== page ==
Unfortunately, testing the validity of our patterns and implementing them in real environments is complex and challenging due to our evolving understanding of the problem and the low base rate of insider attacks. In this talk we present two strategies that we have found useful. The first is to view a pattern as a hypothesis to test, rather than a tried-and-true method of solving a development problem. This approach was suggested by Kohls and Panke in their 2009 PLoP paper “Is that true …? Thoughts on the epistemology of patterns.” The advantage of this view is that pattern developers can hypothesize previously untried methods as patterns and collect evidence that the patterns would be successful in development contexts. We present an example insider threat mitigation pattern viewed as a hypothesis to test, and present evidence of its effectiveness derived empirically from CERT’s case database.

The second strategy we discuss addresses the issue of how to organize our patterns so as to optimize navigation, conceptualization, education, and implementation. Our central problem was that we knew of five reasonable ways to organize the language, but each of them involved sacrificing useful features from the others. In an attempt to have our cake and eat it to, we followed in the footsteps of VanHilst et al., and opted for an explicitly multi-dimensional pattern language. We discuss our solution and the paradigm shift that new visualization techniques may bring about in the way we think about classification.

Andrew P. Moore is a lead researcher in the CERT Insider Threat Center and Senior Member of the Technical Staff at Carnegie Mellon University's Software Engineering Institute. He explores ways to improve the security, survivability, and resiliency of enterprise systems through insider threat and defense modeling, incident management, and architecture engineering and analysis. Andy also works with teams across the SEI applying modeling and simulation techniques to hard system and software engineering problems. Before joining the SEI in 2000, he worked for the Naval Research Laboratory (NRL) investigating high-assurance system development methods for the Navy. He has over twenty years experience developing and applying mission-critical system analysis methods and tools, leading to the transfer of critical technology to both industry and the military. Andy has co-published a book on insider threat, two book chapters, and a wide variety of technical journal and conference papers. Andy received a MA in Computer Science from Duke University, a BA in Mathematics from the College of Wooster, and a Graduate Certificate in System Dynamics from Worcester Polytechnic Institute.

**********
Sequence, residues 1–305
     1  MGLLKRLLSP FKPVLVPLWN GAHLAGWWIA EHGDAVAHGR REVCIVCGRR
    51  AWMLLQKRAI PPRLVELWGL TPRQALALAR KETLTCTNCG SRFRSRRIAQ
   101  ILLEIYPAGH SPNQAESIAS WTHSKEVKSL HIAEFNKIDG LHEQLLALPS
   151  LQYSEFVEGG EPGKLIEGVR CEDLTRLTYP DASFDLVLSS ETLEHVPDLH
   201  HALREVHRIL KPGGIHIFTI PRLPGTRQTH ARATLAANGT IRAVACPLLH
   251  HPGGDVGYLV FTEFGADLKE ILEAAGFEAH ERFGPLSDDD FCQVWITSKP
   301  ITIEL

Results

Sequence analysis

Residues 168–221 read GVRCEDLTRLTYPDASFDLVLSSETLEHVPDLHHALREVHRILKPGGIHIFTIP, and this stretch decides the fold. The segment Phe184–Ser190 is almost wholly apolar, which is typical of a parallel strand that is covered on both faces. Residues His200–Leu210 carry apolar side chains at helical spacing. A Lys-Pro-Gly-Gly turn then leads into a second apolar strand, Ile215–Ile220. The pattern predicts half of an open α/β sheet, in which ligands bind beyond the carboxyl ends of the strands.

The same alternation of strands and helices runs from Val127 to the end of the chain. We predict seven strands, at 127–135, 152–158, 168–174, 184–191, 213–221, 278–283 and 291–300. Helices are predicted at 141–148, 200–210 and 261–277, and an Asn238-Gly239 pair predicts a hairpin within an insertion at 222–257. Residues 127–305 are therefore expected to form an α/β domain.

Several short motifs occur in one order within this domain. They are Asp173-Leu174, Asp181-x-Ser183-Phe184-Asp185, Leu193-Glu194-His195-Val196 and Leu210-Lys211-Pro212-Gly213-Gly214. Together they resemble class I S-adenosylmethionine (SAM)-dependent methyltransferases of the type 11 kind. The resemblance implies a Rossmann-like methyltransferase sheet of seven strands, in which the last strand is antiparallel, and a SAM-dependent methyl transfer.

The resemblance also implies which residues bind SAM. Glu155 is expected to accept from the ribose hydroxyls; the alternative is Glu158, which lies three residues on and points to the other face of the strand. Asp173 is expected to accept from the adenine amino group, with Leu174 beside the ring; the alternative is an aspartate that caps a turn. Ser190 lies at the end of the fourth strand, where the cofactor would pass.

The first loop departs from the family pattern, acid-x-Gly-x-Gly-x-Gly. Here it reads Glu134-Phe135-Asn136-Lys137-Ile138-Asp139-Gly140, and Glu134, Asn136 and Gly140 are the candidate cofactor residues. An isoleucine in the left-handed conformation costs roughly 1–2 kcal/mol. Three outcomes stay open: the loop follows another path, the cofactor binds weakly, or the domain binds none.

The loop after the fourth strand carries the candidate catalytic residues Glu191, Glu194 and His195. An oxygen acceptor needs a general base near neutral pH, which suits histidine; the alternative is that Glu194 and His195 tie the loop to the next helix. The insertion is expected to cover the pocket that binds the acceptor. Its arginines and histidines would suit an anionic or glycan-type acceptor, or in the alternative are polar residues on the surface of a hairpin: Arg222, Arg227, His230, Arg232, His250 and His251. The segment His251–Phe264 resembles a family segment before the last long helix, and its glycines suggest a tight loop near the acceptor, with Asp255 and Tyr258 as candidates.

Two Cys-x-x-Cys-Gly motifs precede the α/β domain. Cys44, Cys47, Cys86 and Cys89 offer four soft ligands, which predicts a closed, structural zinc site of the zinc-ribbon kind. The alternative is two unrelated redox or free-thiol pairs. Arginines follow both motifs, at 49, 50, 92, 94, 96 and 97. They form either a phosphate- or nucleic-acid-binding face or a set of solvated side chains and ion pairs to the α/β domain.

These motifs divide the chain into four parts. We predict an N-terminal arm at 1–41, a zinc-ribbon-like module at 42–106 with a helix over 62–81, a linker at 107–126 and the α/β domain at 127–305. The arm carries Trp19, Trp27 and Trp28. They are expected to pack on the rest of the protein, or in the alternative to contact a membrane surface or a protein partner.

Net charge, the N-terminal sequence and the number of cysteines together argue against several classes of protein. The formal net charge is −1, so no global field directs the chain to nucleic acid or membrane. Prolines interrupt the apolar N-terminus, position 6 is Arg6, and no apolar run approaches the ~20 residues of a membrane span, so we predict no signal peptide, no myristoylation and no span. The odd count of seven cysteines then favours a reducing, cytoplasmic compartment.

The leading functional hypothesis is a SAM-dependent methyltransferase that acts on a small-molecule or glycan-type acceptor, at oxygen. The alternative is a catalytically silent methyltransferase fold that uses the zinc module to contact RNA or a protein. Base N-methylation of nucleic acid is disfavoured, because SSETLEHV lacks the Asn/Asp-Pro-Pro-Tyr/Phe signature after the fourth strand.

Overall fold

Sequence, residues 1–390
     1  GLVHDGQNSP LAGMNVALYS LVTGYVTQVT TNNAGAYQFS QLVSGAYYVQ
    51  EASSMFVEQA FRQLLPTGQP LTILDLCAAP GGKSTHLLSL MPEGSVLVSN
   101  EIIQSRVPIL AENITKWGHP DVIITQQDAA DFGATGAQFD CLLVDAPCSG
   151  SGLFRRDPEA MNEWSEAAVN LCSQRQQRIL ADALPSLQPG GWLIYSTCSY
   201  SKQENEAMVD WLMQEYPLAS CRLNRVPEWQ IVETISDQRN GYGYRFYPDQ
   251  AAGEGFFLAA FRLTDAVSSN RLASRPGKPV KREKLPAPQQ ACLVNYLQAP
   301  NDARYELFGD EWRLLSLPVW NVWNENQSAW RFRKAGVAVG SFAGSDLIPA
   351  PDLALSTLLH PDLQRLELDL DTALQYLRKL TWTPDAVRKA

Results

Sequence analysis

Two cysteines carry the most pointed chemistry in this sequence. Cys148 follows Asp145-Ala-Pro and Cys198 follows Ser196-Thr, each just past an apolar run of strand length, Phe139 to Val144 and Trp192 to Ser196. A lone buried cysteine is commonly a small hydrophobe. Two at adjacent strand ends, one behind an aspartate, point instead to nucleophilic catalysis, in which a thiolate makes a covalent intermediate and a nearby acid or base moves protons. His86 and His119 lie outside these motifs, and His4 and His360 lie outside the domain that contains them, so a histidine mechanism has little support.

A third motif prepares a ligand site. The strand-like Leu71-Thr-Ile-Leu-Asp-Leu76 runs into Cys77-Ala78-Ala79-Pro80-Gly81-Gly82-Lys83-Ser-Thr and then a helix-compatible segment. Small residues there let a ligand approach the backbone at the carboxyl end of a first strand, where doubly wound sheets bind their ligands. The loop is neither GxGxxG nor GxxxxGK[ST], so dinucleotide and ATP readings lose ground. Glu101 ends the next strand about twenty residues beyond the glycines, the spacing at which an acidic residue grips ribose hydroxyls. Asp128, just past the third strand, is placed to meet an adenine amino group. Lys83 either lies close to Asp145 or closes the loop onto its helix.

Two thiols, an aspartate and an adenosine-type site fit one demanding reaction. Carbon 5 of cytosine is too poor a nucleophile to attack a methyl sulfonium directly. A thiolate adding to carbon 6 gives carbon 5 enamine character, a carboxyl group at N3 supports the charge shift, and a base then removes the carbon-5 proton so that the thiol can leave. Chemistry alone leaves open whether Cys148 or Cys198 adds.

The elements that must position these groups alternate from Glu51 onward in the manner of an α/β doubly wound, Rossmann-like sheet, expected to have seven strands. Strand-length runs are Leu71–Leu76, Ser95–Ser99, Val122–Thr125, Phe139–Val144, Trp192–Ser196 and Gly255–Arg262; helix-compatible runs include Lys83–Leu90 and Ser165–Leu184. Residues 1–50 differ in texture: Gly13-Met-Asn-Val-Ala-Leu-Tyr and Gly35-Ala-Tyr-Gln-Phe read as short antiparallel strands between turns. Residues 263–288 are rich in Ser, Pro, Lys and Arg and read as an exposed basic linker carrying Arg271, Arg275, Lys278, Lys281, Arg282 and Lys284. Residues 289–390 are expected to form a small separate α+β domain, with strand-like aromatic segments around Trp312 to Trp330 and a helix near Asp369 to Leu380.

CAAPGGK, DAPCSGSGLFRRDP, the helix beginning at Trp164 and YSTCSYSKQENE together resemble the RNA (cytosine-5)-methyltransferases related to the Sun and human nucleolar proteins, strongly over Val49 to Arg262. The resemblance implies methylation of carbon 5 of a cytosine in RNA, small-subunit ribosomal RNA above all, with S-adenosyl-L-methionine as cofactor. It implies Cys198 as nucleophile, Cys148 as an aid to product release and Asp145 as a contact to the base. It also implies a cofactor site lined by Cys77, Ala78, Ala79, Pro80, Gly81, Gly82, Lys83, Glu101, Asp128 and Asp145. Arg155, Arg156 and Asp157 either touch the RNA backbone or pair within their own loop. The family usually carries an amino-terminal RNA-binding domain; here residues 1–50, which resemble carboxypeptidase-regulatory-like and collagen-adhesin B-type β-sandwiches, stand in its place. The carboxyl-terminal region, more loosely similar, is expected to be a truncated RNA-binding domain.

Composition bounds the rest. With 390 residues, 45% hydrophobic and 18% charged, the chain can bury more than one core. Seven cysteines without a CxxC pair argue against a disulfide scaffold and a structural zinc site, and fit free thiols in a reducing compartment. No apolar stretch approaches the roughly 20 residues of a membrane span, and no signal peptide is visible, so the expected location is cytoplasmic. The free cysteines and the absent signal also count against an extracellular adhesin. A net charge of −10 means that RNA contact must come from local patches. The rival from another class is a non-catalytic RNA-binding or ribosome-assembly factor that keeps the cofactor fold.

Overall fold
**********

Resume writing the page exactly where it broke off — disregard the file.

David A. Mundie is a Senior Member of the Technical Staff in the CERT Cyber Enterprise and Workforce Management directorate in the CERT Program at the Software Engineering Institute (SEI). As a member of the CERT CSIRT Development Team, Mundie currently works to help other organizations build their own computer security incident response team (CSIRT) or incident management capability. In addition to his CSIRT development work, Mundie is a researcher in insider threat, and has co-developed an insider threat pattern language. From 2006 to 2012, Mundie was the manager for Outreach, Awareness, and Training in Q-CERT, a national CSIRT that is a partnership between the CERT program and the government of Qatar. Prior to joining the SEI, Mundie worked in software development at Texas Instruments and Western Digital. He holds an M.A. in philosophy from the University of Chicago, as well as an A.B.D. in French Literature and an M.S. in computer science from the University of Virginia.
"On the Powerful Symbiosis of Man and Computer"

Trygve Reenskaug, Sunday, 10/21, 09:00-10:00

The application of computers, computer communication, personal computing, and social media has been slowly evolving over the past 40 years. Today, the effects on society and the lives of individuals are so profound that it begins to take the shape of a symbiosis between man and machine. I strongly believe that this symbiosis can be greatly facilitated by a mind-set based on true object orientation, a mind-set that could be shared across people, domains, and systems.